Many churches, schools, youth-serving charities, and recreational venues attempt to reduce the risk of liability for injuries occurring during sponsored events by having participants sign a form that purports to exempt the host organization from liability for injuries caused by its own negligence. Such forms typically are called release forms, waivers of liability, or assumptions of risk.

All too often, churches and other organizations use forms found online, and with no legal input or review. This can result in forms that are useless or of limited value.

As this case illustrates, several courts have ruled that release forms cannot release claims for injuries caused by the gross negligence or intentional acts of another.

Church leaders should not assume that a release or assumption of risk form signed by a competent adult will apply to deaths or injuries caused by the gross negligence of the church or its agents. Distinguishing between ordinary negligence and gross negligence is often a difficult task, but this distinction is significant because it generally will determine the validity of a release form or assumption-of-risk form. One court noted:

Negligence is defined as “any conduct, except conduct recklessly disregardful of an interest of others, which falls below the standard established by law for protection of others against unreasonable risk of harm.” A claim for gross negligence, however, sets the evidentiary hurdle at a higher elevation:

[G]ross negligence is an intentional failure to perform a manifest duty in reckless disregard of the consequences as affecting the life or property of another, and also implies a thoughtless disregard of the consequences without the exertion of any effort to avoid them. Stated conversely, a wrongdoer is guilty of gross negligence or acts wantonly and willfully only when he inflicts injury intentionally or is so utterly indifferent to the rights of others that he acts as if such rights did not exist. . . .

“[W]e have viewed gross negligence ‘as something more than simple negligence, and likely more akin to reckless conduct.’”

How can a church be guilty of gross negligence? It is possible, depending on an examination of all the facts and circumstances, that the following practices could be grossly negligent:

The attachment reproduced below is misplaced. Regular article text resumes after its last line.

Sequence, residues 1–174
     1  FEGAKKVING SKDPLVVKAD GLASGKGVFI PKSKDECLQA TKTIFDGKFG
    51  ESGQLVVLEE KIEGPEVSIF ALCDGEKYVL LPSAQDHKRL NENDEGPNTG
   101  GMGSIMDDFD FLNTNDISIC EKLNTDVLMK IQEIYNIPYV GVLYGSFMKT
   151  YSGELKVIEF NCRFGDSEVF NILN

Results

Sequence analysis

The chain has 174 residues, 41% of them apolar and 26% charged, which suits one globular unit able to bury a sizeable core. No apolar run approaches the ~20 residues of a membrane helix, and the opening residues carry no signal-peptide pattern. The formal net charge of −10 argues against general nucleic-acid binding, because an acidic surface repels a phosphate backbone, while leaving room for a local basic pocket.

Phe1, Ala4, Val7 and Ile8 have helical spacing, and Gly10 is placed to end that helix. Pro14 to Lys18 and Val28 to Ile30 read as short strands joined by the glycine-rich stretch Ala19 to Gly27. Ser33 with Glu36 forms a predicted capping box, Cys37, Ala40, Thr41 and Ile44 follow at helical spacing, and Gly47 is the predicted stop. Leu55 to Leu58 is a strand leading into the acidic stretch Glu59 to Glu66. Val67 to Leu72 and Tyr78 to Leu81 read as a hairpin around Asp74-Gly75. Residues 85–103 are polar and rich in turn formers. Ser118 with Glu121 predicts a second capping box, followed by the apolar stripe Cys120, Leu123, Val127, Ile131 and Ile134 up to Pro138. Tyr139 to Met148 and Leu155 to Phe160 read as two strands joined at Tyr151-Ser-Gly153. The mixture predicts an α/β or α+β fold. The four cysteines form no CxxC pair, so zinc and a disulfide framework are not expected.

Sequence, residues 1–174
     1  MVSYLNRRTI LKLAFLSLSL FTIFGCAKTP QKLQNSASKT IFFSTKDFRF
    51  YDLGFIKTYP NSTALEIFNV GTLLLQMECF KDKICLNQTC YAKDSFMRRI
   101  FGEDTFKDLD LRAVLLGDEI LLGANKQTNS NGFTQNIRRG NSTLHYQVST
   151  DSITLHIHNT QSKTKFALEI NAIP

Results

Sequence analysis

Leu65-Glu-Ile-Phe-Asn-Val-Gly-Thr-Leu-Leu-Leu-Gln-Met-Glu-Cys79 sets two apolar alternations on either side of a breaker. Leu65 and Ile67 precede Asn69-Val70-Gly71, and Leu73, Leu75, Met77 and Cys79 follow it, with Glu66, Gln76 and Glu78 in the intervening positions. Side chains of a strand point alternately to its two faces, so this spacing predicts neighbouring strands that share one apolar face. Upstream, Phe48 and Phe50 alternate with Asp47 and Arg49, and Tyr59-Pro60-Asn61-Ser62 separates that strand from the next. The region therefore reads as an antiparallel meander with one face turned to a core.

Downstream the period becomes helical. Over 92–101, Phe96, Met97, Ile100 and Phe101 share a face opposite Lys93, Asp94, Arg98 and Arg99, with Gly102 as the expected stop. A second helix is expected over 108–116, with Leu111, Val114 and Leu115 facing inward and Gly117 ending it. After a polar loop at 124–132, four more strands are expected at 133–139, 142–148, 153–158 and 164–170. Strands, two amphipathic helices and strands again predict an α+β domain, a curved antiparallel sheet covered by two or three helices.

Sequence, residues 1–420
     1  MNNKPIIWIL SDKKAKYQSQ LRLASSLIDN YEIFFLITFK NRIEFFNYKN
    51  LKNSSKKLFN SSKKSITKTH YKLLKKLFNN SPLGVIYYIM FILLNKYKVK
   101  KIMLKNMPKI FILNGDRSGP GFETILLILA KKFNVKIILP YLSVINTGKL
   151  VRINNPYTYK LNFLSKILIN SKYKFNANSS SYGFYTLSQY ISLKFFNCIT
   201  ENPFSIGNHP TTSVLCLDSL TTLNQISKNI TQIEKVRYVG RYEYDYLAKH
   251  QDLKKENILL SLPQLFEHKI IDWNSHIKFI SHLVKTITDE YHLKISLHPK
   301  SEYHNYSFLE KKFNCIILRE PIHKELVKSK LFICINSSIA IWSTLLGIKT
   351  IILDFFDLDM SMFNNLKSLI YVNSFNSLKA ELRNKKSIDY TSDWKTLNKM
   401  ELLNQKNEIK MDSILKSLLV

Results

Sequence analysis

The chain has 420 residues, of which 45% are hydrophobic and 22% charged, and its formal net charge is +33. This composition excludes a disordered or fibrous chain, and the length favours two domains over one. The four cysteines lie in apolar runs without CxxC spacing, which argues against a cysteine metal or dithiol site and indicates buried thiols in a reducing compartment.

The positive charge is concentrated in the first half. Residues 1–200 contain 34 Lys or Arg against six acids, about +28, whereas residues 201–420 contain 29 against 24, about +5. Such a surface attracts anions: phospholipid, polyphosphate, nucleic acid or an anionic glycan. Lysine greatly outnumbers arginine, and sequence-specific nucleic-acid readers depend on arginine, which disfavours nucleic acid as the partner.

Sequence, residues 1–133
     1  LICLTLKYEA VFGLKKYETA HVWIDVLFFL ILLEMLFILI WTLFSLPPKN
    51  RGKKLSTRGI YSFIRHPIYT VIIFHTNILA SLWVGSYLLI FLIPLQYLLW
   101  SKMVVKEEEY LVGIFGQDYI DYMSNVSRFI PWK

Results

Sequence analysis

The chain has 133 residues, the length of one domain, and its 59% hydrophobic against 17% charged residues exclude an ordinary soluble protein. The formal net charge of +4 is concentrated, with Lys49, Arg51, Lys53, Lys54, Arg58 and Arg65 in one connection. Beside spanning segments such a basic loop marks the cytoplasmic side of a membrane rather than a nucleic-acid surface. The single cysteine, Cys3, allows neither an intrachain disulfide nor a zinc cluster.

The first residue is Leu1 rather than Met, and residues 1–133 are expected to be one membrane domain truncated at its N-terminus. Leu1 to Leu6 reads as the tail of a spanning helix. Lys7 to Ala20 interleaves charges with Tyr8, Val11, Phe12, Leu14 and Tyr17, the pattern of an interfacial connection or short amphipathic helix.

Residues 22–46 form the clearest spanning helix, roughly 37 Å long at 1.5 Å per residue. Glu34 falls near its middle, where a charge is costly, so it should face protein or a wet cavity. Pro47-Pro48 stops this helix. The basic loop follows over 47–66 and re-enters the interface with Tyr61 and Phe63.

• A church’s governing board refuses to institute a policy to reduce the risk of child molestation at church or during offsite church activities. The church uses a volunteer in its children’s ministry without conducting a criminal records check or obtaining references. A church volunteer sexually molests a child during a church activity. It is later discovered that the volunteer is a pedophile who molested a child at a previous church.
  • A church uses a van to transport children to an offsite activity. The church selects a driver whose driving record was not examined. The driver’s negligence results in a collision that injures some of the children. It is later determined that the driver had a suspended driver’s license.
  • A church board is aware that the youth pastor frequently sends and reads text messages on his cellphone while driving his car on church business. Nothing is done about it. The youth pastor swerves into an oncoming lane of traffic while texting his girlfriend and collides with another vehicle.
  • The church youth group goes swimming at a lake. No lifeguards are present, and the church provides only two chaperones to oversee 50 minors. Neither chaperone is certified in CPR. One of the minors drowns, and no one is available to start CPR.

It is important for church leaders to be familiar with the concept of gross negligence for the following three reasons.

First, the presence of gross negligence renders release and assumption-of-risk forms as unenforceable.

Second, the same legal standard used to determine gross negligence is also used to determine the availability of “punitive damages.” Punitive damages are damages that a court can award to an injured person, over and above compensatory damages, based on the defendant’s gross negligence or willful and wanton conduct. Church leaders should be aware that public policy does not allow entities to insure against their gross negligence. Thus, punitive damages are not covered under church insurance policies.

Third, gross negligence negates the limited immunity from personal liability accorded to the uncompensated officers and directors of churches and other nonprofit organizations. This means these individuals can be personally liable to an injured plaintiff if gross negligence is found.

These potentially adverse consequences make it imperative for church leaders to understand the concept of gross negligence, and to avoid any decisions that, in retrospect, may be grossly negligent.

Brennan v. Kaufman, 2021 WL 3729257 (Tex. App. 2021).

This content is designed to provide accurate and authoritative information in regard to the subject matter covered. It is sold with the understanding that the publisher is not engaged in rendering legal, accounting, or other professional service. If legal advice or other expert assistance is required, the services of a competent professional person should be sought. "From a Declaration of Principles jointly adopted by a Committee of the American Bar Association and a Committee of Publishers and Associations." Due to the nature of the U.S. legal system, laws and regulations constantly change. The editors encourage readers to carefully search the site for all content related to the topic of interest and consult qualified local counsel to verify the status of specific statutes, laws, regulations, and precedential court holdings.